Cloud storage is new enough that I’m going to assume a lot of readers don’t even know what it is yet, but at 69-years-old, Paul McCartney is already on board. Instead of keeping a library of video-tapes, cassettes, and CD’s of all his music and videos, he stored them on a cloud with the help of Hewlett-Packard. The mysterious cloud, is a virtual library of files. It is not stored on your computer, but rather on the internet, and can be accessed anywhere in the world. The cloud is the future. Soon…we won’t even have computers as we know them. We’ll simply have screens that access clouds.



Here’s the short and skinny on the best courses, school, price, and avg. salary. Click the link above for more.

1. Paralegal Certificate – Boston University – $3,995/14 weeks – $46,916

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5. Professional Certificate in Nutrition – Educational Facility Solutions – 10wks to 2 yrs/$1000-$1300 – $100,000

6. Healthcare Management Certificate – Excelsior College – 14 months/$7,280

7. Library and Information Science Degree – Drexel University – 3 yrs/$14,400 – $53,000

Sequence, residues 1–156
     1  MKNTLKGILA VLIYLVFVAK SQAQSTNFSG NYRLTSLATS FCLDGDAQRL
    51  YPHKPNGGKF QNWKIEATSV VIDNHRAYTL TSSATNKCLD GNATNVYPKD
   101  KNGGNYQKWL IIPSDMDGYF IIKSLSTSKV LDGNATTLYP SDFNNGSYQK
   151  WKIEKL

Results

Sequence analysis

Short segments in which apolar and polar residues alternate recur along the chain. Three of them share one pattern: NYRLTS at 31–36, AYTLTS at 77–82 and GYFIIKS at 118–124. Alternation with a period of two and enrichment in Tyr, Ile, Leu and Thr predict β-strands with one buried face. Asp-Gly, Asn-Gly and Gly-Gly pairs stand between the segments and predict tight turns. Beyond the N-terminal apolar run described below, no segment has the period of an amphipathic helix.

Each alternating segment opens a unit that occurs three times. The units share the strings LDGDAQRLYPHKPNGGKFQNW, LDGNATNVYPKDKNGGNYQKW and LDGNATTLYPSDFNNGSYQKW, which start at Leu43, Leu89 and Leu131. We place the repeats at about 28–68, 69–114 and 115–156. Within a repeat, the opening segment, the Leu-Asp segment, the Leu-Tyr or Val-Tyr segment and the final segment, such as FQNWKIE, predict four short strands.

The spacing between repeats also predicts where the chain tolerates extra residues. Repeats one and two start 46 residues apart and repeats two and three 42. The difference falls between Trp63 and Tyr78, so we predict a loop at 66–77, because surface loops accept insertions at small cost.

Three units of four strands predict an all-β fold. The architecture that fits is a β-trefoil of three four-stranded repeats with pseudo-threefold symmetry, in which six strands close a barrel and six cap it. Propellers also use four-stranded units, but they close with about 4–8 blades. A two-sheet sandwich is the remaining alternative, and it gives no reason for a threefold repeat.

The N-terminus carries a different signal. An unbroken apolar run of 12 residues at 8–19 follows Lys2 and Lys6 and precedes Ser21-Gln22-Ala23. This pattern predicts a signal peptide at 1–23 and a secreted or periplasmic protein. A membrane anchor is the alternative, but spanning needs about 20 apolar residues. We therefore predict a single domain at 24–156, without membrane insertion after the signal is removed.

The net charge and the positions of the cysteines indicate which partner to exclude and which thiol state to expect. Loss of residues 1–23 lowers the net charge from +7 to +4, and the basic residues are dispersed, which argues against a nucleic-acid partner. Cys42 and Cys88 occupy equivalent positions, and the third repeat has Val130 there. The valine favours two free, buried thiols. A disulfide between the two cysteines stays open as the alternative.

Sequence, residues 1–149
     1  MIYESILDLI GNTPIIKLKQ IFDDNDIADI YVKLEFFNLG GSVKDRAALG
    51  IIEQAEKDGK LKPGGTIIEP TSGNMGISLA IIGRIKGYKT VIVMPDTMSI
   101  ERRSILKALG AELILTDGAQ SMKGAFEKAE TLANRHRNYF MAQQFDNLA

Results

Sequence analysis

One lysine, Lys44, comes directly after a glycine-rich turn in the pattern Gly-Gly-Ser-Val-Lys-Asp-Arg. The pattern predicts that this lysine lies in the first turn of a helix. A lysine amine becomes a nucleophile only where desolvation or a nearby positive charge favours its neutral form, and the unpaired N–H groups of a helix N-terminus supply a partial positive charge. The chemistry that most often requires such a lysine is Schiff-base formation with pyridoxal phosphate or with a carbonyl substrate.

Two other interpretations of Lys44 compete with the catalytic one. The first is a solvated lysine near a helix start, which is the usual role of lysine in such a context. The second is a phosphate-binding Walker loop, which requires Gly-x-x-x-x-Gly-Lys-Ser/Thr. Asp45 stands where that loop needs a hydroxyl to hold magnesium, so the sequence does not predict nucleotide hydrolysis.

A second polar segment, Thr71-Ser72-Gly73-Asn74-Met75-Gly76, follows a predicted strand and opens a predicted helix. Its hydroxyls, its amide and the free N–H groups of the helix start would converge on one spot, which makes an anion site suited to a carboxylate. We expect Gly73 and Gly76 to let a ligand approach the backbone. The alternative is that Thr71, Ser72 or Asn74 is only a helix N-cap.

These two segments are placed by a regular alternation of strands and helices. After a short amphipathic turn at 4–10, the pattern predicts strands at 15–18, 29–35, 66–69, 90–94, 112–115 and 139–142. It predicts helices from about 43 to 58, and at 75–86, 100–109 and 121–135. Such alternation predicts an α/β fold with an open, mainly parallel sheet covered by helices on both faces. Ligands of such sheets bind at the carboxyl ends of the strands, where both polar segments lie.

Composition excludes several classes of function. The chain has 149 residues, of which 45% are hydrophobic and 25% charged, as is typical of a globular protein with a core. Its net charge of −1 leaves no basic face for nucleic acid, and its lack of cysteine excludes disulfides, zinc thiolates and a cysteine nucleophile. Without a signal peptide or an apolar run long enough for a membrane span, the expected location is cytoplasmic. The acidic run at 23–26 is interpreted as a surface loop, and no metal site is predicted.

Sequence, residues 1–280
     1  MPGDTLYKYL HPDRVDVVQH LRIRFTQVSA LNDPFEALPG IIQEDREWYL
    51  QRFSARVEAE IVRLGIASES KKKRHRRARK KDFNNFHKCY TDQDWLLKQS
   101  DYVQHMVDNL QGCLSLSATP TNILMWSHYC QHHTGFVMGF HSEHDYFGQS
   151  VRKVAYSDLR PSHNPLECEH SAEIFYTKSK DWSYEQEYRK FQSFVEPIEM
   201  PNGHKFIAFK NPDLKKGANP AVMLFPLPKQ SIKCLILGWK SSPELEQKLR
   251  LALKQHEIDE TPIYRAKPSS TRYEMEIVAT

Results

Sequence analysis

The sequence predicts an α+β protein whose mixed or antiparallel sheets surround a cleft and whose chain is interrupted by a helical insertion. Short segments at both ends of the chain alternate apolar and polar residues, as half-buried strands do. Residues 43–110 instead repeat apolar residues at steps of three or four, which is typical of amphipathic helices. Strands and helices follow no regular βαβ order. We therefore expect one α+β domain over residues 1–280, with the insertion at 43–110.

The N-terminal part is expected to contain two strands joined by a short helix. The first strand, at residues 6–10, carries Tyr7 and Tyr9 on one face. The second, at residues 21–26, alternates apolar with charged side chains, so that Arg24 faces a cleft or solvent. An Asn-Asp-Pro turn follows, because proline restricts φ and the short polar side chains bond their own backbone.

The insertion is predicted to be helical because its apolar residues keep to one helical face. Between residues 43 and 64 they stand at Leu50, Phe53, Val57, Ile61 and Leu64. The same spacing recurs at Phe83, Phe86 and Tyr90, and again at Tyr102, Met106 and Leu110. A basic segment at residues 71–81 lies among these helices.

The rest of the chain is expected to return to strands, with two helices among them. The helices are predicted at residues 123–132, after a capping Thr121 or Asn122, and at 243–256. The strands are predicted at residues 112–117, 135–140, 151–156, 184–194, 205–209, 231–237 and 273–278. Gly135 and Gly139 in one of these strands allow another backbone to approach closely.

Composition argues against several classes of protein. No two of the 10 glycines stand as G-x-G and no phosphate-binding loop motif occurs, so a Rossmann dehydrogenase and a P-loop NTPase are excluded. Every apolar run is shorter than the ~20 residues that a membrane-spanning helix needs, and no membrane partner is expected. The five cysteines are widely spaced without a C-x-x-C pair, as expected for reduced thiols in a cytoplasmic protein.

While congress is being pressured to meet the August 2nd deadline for raising the debt ceiling, there is talk that Treasury Secretary Timothy Geithner will be leaving his position. Geithner’s family is moving from DC to New York and he has stated that he will be a commuter. Geithner led the response to the 2009 finical crisis, but high unemployment rates and slow economic growth will plague him and the White House in the 2012 presidential election. If Congress meets the August 1 deadline and Geithner resigns, theWhite House will have to begin looking for a new Treasury Secretary while Washington is consumed with the 2012 election. This could help President Obama send the message that he is able to put together a team that will turn the economy around. If Congress does not meet the deadline, Geithner will have the difficult responsibility of paying the country’s bills without using borrowed money. This means the government would be forced to either default on obligations or raise taxes by several hundred billion dollars. Either way, the economy will be the number one issue in the 2012 election.